Written in response to the increasingly conscious effort to develop human rights on a universal scale, this book focuses on three distinct areas of human rights—public policy, criteria for comparative assessment, and NGO strategies.
Table of Contents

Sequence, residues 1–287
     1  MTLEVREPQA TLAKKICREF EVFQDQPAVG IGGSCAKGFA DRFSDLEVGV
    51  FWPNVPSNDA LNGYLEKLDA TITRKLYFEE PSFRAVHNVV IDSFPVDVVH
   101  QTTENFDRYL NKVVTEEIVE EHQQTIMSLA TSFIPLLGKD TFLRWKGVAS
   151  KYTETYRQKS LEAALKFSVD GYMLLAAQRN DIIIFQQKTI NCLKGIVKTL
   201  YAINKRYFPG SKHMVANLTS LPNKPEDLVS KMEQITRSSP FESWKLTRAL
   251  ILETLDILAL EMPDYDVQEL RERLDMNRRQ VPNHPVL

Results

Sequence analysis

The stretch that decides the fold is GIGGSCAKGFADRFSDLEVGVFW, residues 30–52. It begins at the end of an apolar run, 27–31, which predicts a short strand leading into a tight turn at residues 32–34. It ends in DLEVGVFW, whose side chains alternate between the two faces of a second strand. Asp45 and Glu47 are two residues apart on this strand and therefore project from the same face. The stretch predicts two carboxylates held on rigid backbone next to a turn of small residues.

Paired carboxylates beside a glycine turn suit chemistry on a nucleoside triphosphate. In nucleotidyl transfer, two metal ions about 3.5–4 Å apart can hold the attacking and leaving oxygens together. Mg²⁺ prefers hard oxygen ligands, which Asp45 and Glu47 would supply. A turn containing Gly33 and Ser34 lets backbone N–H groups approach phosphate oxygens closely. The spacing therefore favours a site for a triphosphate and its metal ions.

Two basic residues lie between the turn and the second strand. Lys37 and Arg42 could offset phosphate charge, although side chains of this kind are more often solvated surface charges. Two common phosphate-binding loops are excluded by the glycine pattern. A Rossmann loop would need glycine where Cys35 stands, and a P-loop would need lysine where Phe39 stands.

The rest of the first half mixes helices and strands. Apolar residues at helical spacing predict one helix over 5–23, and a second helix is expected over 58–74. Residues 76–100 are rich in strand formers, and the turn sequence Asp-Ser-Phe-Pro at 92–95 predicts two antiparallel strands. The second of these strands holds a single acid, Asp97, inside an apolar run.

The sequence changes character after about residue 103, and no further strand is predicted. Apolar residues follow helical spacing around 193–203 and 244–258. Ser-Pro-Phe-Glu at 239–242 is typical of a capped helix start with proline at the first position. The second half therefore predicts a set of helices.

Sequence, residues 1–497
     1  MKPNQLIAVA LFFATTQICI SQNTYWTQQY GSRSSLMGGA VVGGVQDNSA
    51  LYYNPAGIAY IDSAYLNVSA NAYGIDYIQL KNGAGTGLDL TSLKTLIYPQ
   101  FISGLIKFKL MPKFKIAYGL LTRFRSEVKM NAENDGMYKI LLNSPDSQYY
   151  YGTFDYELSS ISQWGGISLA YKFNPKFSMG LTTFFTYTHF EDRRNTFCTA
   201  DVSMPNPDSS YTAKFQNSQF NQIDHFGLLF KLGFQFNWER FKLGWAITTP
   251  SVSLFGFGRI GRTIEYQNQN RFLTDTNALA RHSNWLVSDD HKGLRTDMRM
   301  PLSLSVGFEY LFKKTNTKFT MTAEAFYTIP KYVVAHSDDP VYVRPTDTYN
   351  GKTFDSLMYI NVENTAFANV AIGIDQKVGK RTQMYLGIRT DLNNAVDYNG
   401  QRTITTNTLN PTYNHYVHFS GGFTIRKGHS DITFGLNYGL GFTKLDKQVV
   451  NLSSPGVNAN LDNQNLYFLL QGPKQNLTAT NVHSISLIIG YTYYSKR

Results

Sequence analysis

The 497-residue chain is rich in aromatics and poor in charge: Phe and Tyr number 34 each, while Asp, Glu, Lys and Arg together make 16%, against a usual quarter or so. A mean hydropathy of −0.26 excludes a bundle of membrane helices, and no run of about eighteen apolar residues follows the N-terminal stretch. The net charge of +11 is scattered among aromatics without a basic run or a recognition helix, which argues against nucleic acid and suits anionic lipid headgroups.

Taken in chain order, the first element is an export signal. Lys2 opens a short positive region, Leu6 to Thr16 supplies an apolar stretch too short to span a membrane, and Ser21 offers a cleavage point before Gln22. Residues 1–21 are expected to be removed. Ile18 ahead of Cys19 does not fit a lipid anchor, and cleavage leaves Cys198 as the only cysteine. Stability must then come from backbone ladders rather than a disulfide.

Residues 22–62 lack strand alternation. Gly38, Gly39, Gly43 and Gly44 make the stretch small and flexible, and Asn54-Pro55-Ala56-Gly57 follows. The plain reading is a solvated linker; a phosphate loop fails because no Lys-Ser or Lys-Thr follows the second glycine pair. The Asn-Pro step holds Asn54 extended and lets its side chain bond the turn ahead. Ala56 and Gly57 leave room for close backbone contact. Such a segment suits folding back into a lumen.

Part I: Public Policies 1. Human Rights and U.S. Foreign Policy Under Carter: Continuity and Change 2. The Garter Administration—An Appraisal: A Congressional Perspective 3. The Carter Administration—An Appraisal: The Perspective from the Agency for International Development 4. New Directions in U.S. Food Aid: Human Rights and Economic Development 5. Human Rights and Arms Transfer Policy 6. U.S. Policy Toward Human Rights in Latin America: A Comparative Analysis of Two Administrations 7. An Immigration Policy of Helping Bring People to the Resources Part 2: Comparative Measures 8. Definitions, Dimensions, Data, and Designs 9. A Critique of Present Measures of "Human Rights Development" and an Alternative 10. Problems of Comparative Research on Human Rights 11. Human Rights or State Expansion? Cross-National Definitions of Constitutional Rights, 1870–1970 12. Civil Liberties in Democracies: Constitutional Norms, Practices, and Problems of Comparison Part 3: Ngo Strategies 13. Transnational Development of Human Rights: The Third World Crucible 14. Human Rights Theory and NGO Practice: Where Do We Go From Here? 15. Recent Trends in the Expanding Universe of NGOs Dedicated to the Protection of Human Rights 16. Assessing Human Rights: The NGO Contribution 17. The Southern Africa Project for the Lawyers' Committee for Civil Rights Under Law